Teaching basic lab skills
for research computing

Martin Callaghan: Nomination for 2018 Steering Committee

2018 Election: Martin Callaghan

So, who are you?

I’m Martin Callaghan and I’m a Research Computing Consultant (part research software engineer, part trainer, part consultant and part outreach) at the University of Leeds in the UK, where I provide programming and software development consultancy across a diverse research community, including the Arts and Social Sciences, for Cloud and High Performance Computing.

It’s an exciting job where I get to work with researchers to understand their research questions and support them in developing and selecting computational platforms, tools and applications to help them answer those questions.

Tell me how you’ve been involved with the Carpentries?

I discovered the Carpentries in late 2013, just after I joined Leeds. I became an instructor and since then I’ve taught on around 20 Software Carpentry, Data Carpentry and Library Carpentry workshops at Leeds and elsewhere. I’ve had the privilege to work with many of you over the past few years and I want to continue to enable and support you.

I’ve been a co-applicant and lead instructor on four successful grant awards to run bespoke three-day Software Carpentry workshops to support PhD students and early career researchers to improve their programming skills.

We’ve been an organisational member at Leeds almost from when they became available. Watching the Carpentries grow and develop has been a great opportunity and it’s been amazing to have been a part of this.

Recently, I’ve become an instructor trainer. It’s been a great experience to work with two groups of prospective trainers and hear from them how excited they are about becoming trainers and running their own workshops.

How would you help develop the Carpentries if elected?

Constituency building: I would like to help develop further the organisational membership model.

I’ve seen at first hand how the Carpentries teaching model and the lesson materials have made a real difference to people’s research. I would like to extend this impact to smaller and less research focussed institutions so that they are able to benefit from the Carpentries approach.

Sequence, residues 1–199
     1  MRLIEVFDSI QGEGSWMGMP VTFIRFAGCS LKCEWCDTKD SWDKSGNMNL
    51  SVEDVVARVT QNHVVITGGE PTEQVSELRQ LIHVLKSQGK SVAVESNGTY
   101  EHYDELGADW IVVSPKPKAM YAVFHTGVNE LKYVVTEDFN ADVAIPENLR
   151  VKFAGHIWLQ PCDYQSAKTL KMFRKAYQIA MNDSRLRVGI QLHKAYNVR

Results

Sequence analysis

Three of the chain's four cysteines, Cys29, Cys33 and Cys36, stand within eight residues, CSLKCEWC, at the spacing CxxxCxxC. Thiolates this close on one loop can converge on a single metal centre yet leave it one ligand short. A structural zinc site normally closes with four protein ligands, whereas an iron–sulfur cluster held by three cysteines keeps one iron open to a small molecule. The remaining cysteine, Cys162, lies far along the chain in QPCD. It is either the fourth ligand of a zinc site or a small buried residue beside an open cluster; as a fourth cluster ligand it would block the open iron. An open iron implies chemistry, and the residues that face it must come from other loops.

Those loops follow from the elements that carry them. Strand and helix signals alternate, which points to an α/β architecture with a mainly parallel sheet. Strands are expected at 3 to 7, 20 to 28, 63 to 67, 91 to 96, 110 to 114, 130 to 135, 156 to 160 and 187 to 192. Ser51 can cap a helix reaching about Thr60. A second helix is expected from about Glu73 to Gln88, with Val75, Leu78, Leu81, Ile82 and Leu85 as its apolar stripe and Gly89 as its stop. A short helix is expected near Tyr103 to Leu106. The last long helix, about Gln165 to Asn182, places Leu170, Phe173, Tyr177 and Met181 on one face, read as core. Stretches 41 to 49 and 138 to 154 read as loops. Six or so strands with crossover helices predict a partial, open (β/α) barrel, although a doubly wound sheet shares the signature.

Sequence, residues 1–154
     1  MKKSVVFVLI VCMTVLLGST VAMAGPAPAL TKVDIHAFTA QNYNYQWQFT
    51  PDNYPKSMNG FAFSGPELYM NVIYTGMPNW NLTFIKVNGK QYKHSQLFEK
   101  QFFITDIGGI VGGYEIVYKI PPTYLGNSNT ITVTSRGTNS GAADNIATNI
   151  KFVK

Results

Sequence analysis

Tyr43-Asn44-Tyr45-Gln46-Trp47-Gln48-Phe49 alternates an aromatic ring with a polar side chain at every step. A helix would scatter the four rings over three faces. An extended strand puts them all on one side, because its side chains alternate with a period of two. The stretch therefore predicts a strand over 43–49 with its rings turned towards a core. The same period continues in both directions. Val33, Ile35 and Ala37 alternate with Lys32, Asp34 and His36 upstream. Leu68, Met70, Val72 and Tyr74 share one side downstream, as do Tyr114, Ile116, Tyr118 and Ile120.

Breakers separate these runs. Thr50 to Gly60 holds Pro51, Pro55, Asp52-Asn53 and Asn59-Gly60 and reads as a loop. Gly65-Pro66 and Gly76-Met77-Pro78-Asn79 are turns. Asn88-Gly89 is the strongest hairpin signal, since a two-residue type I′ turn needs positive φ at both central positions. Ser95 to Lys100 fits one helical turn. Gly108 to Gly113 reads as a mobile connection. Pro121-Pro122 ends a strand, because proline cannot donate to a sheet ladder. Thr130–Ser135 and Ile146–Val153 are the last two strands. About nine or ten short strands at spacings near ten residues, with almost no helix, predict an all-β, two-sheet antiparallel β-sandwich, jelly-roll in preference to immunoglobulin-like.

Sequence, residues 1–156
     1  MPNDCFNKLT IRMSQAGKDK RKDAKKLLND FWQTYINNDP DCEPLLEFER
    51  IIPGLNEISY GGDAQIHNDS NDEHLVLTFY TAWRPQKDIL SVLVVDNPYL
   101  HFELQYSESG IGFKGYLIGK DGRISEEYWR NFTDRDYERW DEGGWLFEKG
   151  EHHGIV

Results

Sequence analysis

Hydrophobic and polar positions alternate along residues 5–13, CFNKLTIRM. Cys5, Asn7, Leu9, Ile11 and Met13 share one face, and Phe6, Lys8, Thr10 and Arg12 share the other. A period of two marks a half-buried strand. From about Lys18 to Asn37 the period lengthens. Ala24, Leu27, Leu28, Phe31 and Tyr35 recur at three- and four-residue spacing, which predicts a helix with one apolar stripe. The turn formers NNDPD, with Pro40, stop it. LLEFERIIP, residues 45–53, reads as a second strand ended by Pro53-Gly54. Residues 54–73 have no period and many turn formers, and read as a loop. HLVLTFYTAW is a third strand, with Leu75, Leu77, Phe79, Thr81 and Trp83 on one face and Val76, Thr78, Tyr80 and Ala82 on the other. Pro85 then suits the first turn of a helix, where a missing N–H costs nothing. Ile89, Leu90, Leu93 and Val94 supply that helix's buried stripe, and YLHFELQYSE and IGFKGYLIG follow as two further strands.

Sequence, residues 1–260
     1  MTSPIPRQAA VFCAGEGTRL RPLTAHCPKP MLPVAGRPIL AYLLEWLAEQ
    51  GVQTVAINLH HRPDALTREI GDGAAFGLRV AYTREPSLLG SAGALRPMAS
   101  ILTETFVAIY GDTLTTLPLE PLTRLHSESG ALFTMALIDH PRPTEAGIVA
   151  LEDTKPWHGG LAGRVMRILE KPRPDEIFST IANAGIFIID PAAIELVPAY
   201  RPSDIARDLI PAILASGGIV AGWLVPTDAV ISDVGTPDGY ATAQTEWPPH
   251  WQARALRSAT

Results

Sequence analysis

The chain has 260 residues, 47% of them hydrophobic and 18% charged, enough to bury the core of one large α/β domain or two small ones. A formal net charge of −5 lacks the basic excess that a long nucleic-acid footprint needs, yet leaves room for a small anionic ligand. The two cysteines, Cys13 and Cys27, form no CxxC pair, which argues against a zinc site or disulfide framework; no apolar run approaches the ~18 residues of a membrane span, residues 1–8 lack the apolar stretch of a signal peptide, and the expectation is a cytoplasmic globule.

Community building: Over the past few years, I have seen both Software Carpentry and Data Carpentry evolve and now move into the future as a merged organisation. We’ve seen fantastic developments with Library Carpentry and now HPC Carpentry. I want to support and encourage other research communities to work with the Carpentries family.

I’m particularly interested in exploring how we can use the Carpentries approach in undergraduate teaching, Business Schools and in the Fine, Applied and Performing Arts.

Serving our diverse communities: I’ve seen how the Carpentries have been a force for good. There’s been some amazing work in developing Carpentries in Africa and South America and I want to continue to support this work and help to reach out to new communities both locally and further afield.

Continuous pedagogical improvement: In a previous career, I was a high school teacher and teacher trainer. I know the importance of good teaching & learning and rigorous evaluation. If elected, I want to make sure that our ever improving teaching model stays at the heart of the Carpentries approach.

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